|Forest Sangha Newsletter||October 1993|
The Long Path to Peace
A Moment of Peace - A Glimmer of Hope
'Our journey for peace begins today, and everyday, slowly, slowly, step by step. Each step is a prayer. Each step will build a bridge.' (Ajahn Maha Ghosananda). It was in this spirit a group of over four hundred people took their first steps on a 350 kilometre cross country journey through the war-torn provinces of Siem Reap, Konpong Thorn, and Kompong Cham down to the capital city of Phnom Penh. It was the beginning of a walk for peace in areas of Cambodia which have known nothing but war, before and since the signing of the Paris Peace Accords in October 1991.
We were told not to come, but they cannot stop us. This is our religion. We hunger for peace so much.
The Dhamma Yietra walked through areas where UN peace-keeping forces do not travel further than 500 metres from their compounds for the sake of their own security; through areas where people's prayers were hauntingly simple: 'May we sleep above the ground again, instead of gathering our children for another night in the bunker.' 'May the shelling stop.' 'We just don't know where to run to anymore,' pleaded a mother of five, 'May we just stop fearing the night.' As the walk passed through this war-torn country, many soldiers started to lay down their weapons, and ask for a blessing, as the monks, who walked in front, filed past. At one stop, several armed soldiers came into the temple in which we were staying and asked to see a monk leading the walk. They then laid their weapons on the floor. They bowed in front of Ven. Kim Teng and requested a blessing of protection. 'We don't want anyone to be killed or hurt,' one said. 'Even though I am a soldier, I have no ill-will in my heart,' he continued. 'So please bless us in a way that our bullets don't hit anyone, and so that no one else's bullets hurt us.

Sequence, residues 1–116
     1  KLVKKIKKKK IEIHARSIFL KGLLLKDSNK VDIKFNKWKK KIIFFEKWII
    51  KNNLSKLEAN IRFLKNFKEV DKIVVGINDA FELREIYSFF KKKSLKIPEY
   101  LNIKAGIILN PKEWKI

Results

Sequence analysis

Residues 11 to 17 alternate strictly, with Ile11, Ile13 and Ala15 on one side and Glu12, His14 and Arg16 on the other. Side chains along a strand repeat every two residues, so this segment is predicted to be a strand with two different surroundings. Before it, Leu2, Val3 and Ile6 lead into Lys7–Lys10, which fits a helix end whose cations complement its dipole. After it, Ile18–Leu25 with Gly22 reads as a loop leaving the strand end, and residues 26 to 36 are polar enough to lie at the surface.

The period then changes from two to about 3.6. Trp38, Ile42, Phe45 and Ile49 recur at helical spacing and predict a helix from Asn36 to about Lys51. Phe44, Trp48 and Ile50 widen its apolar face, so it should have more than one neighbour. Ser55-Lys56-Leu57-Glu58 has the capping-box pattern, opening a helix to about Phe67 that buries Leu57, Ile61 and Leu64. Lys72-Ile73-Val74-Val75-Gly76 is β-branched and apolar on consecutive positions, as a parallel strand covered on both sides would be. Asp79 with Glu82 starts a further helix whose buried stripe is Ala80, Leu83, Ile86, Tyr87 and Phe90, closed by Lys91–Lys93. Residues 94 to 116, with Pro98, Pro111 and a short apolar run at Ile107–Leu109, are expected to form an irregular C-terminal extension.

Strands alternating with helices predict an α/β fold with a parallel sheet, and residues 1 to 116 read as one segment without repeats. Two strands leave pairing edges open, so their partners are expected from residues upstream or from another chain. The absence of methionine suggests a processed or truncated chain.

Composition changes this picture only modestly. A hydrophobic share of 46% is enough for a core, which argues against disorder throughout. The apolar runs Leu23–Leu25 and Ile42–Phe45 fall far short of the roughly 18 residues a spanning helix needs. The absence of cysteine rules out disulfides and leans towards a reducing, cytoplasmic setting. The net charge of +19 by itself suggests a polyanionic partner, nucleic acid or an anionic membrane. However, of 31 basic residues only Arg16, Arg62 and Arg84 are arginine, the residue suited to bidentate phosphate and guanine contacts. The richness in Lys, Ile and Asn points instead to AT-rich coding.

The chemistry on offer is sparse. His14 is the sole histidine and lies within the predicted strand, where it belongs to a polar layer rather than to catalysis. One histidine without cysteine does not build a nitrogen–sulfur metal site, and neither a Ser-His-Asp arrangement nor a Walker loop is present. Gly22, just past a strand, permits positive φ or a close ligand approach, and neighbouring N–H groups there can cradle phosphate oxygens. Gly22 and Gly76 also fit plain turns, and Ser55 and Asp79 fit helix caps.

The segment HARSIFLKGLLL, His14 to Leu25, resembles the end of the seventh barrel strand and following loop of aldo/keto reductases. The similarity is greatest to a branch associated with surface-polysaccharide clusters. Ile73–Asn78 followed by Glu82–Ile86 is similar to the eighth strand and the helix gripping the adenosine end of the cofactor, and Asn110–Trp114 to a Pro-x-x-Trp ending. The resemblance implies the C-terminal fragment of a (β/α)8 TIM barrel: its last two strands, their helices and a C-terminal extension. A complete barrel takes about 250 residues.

In some towns, government officials tried to discourage the people from welcoming the walkers, believing the peacewalk was a threat to their political interests. One of the Dhamma Yietra's warmest welcomes was in a town where the people had been clearly told not to come. Old men and women would whisper to the walkers, 'We were told not to come, but they cannot stop us. This is our religion.' 'We hunger for peace so much,' they said while they made an offering of food to the monks, nuns and lay walkers.
In another village, which was also instructed not to receive the walk, a young man related how the village had recently experienced a massacre of 30 people at the temple. 'This is the first time we have dared to gather together again in a large group," he said. "We just couldn't stay away. Everyone is here. The market closed, and people have left their jobs to come to receive you. We are so grateful that you have come to help us find peace again. The UN has sent people from all over the world to keep peace, but it has not worked. All we have left is Buddhism. If you will help us, it should not be so difficult to make peace. The monks and nuns must lead us out of this mess of killing one another. If we just think of killing and revenge, it will never end. Buddhism must guide us."